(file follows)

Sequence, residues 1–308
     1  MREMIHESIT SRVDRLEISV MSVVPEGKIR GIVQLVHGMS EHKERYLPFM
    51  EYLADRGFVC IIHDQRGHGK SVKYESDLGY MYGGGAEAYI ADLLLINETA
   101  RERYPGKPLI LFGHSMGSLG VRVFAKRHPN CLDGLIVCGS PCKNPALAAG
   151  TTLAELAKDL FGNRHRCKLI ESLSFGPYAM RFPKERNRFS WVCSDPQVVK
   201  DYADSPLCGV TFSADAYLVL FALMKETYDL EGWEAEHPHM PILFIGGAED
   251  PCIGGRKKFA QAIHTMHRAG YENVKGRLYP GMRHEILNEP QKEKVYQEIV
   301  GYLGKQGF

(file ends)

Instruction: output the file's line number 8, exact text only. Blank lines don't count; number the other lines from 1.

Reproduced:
   301  GYLGKQGF